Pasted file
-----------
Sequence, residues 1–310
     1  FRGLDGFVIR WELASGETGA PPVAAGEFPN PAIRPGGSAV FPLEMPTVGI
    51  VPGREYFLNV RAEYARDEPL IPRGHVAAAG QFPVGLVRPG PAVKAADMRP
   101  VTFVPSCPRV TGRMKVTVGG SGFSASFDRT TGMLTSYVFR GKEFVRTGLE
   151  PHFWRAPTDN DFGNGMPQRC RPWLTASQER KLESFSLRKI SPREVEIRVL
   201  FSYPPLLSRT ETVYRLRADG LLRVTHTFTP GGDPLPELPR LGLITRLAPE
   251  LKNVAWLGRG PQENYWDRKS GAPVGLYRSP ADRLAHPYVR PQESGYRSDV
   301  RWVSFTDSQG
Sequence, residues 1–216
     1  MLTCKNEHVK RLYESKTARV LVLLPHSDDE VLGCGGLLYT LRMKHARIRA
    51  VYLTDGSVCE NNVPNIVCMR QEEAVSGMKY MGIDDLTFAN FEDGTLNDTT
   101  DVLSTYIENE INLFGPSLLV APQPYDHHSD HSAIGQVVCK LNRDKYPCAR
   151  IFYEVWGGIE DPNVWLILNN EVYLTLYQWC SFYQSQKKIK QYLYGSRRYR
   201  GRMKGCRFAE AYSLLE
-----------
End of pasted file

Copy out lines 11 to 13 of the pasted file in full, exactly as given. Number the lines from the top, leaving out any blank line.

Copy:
    51  VYLTDGSVCE NNVPNIVCMR QEEAVSGMKY MGIDDLTFAN FEDGTLNDTT
   101  DVLSTYIENE INLFGPSLLV APQPYDHHSD HSAIGQVVCK LNRDKYPCAR
   151  IFYEVWGGIE DPNVWLILNN EVYLTLYQWC SFYQSQKKIK QYLYGSRRYR